4. The weatherman said that it LLOVER by the end of the week.
    The verb llover means to rain. Now you need to make it a future tense verb. The indirect object pronoun 'it' has been provided. The first answer is a past tense verb form that reads: he/she/you [singular formal]/it will rain. That is not the correct verb tense. The third answer is a present tense verb form that reads: they/you [plural formal] rain. Again, it is not the correct verb tense. The last answer is the past tense verb form that reads: you [singular familiar] rained. That is incorrect. The second answer reads: it will rain. It is the proper pronoun verb form and the given sentence now reads as: The weatherman said that it will rain by the end of the week.
  5. The doctors EXCEDER their goal for seeing patients during the month.
    The verb exceder means to exceed. Now you need to make it a future tense verb. To do that you need to determine which pronoun can replace the doctors. That would be they or ellos. The first answer reads: he/she/you [singular formal]/it will exceed. It is not the proper pronoun form needed here. The second answer reads: we will exceed. That, too, is not the proper pronoun form needed. The third answer reads: you [singular familiar] will exceed. Once again, that is not the proper pronoun form needed here. The last answer reads: they will exceed. It is the proper pronoun verb form and the given sentence now reads as: The doctors will exceed their goal for seeing patients during the month.
  6. You ARDER if you stay in the sun much longer. (plural familiar)
    The verb arder means to burn. Now you need to make it a future tense verb. The pronoun 'you' [plural familiar] has been provided. The first answer reads: you [plural formal] will burn. The second answer reads: you [singular familiar] will burn, and the last answer reads: you [singular formal] will burn. Neither of these is the proper pronoun form needed here. The third answer reads: you [plural familiar] will burn. It is the proper pronoun verb form and the given sentence now reads as: You will burn if you stay in the sun much longer.
  7. I VENDER you my car.
    The verb vender means to sell. Now you need to make it a future tense verb. The pronoun 'I' has been provided for you. Neither the second, third nor last answers are proper verb forms. The first answer reads as: I will sell. It is the proper pronoun verb form and the given sentence now reads as: I will sell you my car.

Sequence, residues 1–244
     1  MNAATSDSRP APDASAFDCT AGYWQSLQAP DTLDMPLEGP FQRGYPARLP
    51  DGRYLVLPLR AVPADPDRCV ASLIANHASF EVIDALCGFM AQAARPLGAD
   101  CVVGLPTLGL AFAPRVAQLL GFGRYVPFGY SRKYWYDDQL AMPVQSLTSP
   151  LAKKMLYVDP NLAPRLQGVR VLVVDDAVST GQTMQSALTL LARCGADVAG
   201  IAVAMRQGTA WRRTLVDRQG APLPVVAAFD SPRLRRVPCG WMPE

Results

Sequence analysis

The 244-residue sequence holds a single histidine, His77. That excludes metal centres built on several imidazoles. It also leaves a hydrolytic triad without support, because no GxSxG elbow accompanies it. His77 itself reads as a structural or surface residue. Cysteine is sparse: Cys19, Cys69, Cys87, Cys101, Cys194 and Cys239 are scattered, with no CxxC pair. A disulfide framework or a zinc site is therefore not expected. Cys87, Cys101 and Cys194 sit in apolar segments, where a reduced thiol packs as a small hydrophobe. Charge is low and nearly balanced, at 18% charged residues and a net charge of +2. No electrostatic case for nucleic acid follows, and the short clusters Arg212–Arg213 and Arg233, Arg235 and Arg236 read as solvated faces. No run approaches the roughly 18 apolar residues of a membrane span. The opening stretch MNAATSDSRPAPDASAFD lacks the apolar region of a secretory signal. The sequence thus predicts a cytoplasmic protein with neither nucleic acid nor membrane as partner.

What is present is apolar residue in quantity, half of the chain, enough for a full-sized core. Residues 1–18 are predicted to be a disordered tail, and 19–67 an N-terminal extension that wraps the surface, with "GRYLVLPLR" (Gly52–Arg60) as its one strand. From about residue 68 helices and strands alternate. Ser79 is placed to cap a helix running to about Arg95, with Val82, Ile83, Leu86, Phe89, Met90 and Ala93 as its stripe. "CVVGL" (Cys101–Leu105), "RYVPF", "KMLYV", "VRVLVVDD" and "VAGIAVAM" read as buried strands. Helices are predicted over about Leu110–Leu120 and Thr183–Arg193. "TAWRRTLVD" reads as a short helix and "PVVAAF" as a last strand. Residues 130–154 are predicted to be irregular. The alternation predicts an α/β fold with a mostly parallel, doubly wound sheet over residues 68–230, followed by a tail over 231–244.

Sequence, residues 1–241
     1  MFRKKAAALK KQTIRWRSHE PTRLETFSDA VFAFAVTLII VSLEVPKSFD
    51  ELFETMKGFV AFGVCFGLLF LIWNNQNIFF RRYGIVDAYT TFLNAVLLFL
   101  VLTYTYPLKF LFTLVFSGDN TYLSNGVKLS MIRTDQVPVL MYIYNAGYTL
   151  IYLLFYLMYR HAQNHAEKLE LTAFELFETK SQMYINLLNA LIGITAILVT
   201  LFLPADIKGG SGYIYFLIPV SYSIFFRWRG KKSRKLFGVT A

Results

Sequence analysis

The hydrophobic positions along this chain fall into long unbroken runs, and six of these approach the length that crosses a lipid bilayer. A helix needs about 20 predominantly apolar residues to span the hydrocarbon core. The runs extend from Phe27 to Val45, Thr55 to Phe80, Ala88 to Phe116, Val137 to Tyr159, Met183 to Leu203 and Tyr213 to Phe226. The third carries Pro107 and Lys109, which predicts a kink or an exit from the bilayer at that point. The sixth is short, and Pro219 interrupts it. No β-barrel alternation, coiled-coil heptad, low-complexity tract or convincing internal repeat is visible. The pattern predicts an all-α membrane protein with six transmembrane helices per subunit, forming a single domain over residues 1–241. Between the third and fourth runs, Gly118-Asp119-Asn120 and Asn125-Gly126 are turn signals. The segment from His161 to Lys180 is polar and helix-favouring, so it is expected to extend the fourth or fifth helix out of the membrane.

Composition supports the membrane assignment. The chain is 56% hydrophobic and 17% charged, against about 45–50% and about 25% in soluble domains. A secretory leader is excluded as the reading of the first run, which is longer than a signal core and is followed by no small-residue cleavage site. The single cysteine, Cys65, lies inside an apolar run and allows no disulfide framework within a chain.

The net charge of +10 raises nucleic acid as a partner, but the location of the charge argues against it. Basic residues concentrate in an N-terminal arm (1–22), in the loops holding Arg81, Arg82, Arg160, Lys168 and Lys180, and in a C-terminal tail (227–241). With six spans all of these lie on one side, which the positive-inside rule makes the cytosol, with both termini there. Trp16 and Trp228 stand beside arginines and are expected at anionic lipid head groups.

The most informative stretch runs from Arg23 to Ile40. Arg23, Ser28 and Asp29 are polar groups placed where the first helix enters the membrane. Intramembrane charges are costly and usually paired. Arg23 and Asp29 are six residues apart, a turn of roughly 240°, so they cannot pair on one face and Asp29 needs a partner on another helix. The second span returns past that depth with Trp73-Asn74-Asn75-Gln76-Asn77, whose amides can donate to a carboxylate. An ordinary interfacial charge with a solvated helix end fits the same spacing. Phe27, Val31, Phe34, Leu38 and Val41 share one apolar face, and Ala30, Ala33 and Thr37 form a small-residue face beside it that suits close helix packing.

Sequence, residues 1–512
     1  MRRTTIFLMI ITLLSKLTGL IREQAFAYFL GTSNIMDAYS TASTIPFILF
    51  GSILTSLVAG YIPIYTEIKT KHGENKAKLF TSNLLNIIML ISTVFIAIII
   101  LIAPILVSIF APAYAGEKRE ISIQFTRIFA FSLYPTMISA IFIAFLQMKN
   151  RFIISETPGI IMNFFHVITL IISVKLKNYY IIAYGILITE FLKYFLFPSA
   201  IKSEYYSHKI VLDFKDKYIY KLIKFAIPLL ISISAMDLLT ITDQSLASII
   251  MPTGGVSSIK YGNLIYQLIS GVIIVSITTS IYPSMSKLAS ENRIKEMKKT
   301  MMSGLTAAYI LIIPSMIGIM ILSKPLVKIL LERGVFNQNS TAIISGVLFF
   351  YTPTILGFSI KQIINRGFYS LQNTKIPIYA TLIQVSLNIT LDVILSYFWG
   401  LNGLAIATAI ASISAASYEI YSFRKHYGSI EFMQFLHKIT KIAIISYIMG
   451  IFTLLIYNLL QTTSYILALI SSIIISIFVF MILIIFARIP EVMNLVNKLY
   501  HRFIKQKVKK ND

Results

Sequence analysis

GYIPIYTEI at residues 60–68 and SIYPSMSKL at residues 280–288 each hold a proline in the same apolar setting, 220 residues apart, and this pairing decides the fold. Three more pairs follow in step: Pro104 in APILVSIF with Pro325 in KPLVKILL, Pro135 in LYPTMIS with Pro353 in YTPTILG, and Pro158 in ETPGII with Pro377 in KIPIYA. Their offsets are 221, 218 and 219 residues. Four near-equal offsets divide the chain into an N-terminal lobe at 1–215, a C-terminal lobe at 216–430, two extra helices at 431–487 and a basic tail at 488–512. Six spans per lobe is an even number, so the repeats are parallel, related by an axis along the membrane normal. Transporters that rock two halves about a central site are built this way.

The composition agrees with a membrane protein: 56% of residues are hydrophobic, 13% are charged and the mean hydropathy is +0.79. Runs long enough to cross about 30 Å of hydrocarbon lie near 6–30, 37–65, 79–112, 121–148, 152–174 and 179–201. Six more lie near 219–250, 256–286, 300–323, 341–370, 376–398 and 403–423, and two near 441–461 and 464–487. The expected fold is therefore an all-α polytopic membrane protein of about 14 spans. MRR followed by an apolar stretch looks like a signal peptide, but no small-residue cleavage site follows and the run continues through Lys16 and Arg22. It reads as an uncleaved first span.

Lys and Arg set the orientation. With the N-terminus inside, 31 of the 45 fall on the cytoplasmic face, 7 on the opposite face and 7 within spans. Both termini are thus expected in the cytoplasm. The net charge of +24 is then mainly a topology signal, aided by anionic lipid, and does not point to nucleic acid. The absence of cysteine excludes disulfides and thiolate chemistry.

8. The bread ABSORBER the water.
    The verb absorber means to absorb. Now you need to make it a future tense verb. To do that you need to know which pronoun can replace the bread. That would be an indirect object pronoun or 'it'. The first answer is a past tense form that reads: they absorbed. That is not the proper verb form. The third answer is a present tense form that reads: he/she/you [singular formal]/it absorbs]. Again, that is not the correct verb tense. The last answer is another past tense verb form that reads: you [plural familiar] absorbed. It is not correct. The second answer reads: it will absorb. It is the proper pronoun verb form and the given sentence now reads as: The bread will absorb the water.
  9. You VER the keys on the table. (singular familiar)
    The verb ver means to see. Now you need to make it a future tense verb. The pronoun 'you' [singular familiar] has been provided for you. The first answer reads: you [singular formal] will see. It is not the proper pronoun form needed here. The second and third answers are not proper verb forms. The last answer reads: you [singular familiar] will see. It is the proper pronoun verb form and the given sentence now reads as: You will see the keys on the table.
  10. We APRENDER a new language.
    The verb aprender means to learn. Now you need to make it a future tense verb. The pronoun 'we' has been provided for you. The first answer is a present tense verb that reads: we learn. That is not the proper verb tense. The third answer is a past tense verb form that reads: we learned. That, too, is not the proper verb tense. The last answer is not a verb form. The second answer reads: we will learn. It is the proper pronoun verb form and the given sentence now reads as: We will learn a new language.